The Movies We Never Switch Off When They’re on TV

Movies
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One of the downsides of streaming’s cord-cutting era has been how hard it is to stumble on a great movie midway through. You know the joy of which we speak. After a long day at work or school, a moment to unwind turns into discovering one of your favorite flicks, that one you’ve probably seen a hundred times, is playing right now on cable. And wouldn’t you know it, you’ve come across it right at your favorite bit.

Before you know it, you spend the next 90 minutes catching up on a film you already have half committed to memory. It’s a perhaps uniquely dated phenomenon, but a great one for those of us who have entire personal libraries of movies that we may never have seen from beginning to end. I spent years, for example, convinced Con Air started with Nic Cage enunciating, “I said put the bunny back in the box.” Still, some movies invite more repeat viewings than others, and a few are just so good that even if they’re 75 percent over, coming across a frame of them means you’re now pot-committed. Here are the ones too good for us to quit.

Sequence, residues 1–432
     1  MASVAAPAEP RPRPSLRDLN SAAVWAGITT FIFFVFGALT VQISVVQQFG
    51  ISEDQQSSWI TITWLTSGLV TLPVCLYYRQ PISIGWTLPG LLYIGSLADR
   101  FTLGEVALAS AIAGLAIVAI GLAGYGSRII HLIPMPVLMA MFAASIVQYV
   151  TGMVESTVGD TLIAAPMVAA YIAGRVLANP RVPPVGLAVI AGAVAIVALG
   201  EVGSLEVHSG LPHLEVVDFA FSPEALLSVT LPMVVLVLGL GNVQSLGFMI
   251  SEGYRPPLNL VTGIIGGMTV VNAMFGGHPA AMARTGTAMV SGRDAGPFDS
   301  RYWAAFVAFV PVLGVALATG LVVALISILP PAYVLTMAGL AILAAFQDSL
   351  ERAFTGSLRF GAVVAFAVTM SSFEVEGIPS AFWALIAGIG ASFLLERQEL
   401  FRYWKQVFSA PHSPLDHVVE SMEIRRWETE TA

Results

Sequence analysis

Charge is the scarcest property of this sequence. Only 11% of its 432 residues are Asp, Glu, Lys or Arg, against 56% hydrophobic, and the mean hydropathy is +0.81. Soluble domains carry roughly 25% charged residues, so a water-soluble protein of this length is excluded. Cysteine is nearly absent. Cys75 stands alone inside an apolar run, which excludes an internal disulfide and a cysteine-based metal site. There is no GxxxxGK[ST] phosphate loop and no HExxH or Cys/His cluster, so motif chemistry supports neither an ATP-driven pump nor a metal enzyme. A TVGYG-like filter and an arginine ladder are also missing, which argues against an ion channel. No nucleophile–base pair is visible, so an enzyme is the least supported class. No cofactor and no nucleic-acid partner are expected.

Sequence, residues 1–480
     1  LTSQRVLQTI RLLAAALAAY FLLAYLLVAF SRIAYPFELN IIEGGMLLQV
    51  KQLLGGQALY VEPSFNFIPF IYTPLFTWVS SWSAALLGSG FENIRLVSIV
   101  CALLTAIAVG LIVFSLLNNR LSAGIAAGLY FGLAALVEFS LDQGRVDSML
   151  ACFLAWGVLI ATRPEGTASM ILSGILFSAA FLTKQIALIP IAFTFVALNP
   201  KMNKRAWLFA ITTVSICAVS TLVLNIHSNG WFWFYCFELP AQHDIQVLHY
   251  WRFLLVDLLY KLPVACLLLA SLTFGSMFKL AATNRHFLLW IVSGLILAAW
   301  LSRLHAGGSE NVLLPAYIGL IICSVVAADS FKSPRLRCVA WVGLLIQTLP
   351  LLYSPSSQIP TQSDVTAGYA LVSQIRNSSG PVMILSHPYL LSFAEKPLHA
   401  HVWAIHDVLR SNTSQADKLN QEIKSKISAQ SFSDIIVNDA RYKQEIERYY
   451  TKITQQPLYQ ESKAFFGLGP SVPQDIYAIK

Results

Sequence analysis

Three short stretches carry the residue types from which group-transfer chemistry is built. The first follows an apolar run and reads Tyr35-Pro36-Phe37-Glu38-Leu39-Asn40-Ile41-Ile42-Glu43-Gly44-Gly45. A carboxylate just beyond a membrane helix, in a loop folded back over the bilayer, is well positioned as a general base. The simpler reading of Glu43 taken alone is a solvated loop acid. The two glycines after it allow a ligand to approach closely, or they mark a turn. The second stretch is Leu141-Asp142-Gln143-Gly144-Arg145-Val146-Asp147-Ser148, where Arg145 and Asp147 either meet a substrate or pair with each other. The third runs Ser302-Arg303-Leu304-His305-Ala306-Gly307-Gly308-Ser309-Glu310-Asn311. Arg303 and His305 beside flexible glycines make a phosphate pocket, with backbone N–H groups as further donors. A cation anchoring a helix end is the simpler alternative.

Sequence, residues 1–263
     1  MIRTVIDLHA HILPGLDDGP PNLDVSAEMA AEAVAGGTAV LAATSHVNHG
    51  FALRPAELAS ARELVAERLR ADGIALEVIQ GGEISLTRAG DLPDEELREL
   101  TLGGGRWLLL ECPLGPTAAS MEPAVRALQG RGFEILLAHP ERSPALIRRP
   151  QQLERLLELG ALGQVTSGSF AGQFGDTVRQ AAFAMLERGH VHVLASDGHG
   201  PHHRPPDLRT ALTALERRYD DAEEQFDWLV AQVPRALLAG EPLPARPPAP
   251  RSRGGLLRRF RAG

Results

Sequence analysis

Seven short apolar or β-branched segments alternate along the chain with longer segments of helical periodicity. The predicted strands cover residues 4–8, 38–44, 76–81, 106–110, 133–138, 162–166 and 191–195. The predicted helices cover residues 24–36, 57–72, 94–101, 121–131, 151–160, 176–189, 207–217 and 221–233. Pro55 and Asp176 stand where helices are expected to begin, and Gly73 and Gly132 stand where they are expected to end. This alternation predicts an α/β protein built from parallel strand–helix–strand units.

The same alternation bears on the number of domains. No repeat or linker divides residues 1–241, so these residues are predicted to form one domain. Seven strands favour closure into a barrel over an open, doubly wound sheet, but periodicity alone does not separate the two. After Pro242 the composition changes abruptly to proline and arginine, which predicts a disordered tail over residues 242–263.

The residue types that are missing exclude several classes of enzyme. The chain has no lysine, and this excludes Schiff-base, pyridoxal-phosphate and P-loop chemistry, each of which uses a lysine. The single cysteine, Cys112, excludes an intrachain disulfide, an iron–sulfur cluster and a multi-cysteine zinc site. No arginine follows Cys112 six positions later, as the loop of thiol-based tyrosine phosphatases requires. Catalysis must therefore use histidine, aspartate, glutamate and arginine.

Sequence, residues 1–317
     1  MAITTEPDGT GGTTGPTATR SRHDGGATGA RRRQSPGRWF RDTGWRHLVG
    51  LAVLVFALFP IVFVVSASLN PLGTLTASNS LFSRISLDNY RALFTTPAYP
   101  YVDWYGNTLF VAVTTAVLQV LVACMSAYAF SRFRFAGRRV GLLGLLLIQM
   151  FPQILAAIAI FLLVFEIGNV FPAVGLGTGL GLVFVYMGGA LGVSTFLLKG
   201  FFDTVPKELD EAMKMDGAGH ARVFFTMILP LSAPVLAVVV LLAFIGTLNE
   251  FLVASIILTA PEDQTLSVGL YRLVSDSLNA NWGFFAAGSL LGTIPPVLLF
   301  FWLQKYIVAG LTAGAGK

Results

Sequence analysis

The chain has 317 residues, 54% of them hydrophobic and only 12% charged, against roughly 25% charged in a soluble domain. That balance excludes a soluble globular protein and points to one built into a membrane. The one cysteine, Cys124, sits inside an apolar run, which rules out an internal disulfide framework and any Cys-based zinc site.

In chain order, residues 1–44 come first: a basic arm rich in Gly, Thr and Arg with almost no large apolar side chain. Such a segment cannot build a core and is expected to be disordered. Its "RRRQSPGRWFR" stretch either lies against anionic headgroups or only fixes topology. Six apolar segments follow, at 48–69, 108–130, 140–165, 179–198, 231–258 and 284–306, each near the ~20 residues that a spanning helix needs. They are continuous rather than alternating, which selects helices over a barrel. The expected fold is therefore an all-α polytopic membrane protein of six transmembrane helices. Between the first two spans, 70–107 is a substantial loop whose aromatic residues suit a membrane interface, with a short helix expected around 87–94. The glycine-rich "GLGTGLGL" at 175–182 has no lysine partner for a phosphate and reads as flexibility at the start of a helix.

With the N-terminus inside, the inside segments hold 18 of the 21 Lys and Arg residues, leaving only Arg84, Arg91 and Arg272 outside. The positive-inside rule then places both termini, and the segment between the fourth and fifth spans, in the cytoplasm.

My Cousin Vinny (1992)

It was 30 years ago last March when Marisa Tomei won her Oscar for movie-stealing work in My Cousin Vinny. There were dissenters—I hear—at that time about a comedic performance winning a little gold man. But for anyone who grew up with My Cousin Vinny playing seemingly on a loop, those contrarians have long since been discarded to the dustbins of history.

Tomei’s fabulous turn, and fabulously ridiculous Brooklyn accent, not only deserved the award, but deserved being enshrined in the most compulsively watchable “legal thriller” in the canon. See, we must use quotes around the term “thriller,” because even though the movie begins with two young yankees being wrongfully accused of the brutal murder of a stranger—and with nothing less than their lives now being on the line—this is also a movie where Joe Pesci will forever refer to them as “two youts” while wearing an antebellum’s bellboy uniform to court.

A film that trades on stereotypes and stock roles, My Cousin Vinny’s secret is its electric cast, from Pesci as the worst lawyer from the greater five borough area on down to Fred Gwynne as good ol’ boy judge, and Lane Smith as his good ol’ boy attorney. And through it all is, of course, Tomei’s magnificent Mona Lisa Vito whose climactic witness testimony never fails to delight. Wherever you come into the movie, be it for the murder or long after Vinny’s third stint of being held in contempt of court, you know you got to stick with it until you hear Tomei say, “Now I ask ya, would you give a fuck what kind of pants the son of a bitch who shot ya was wearing?!” – David Crow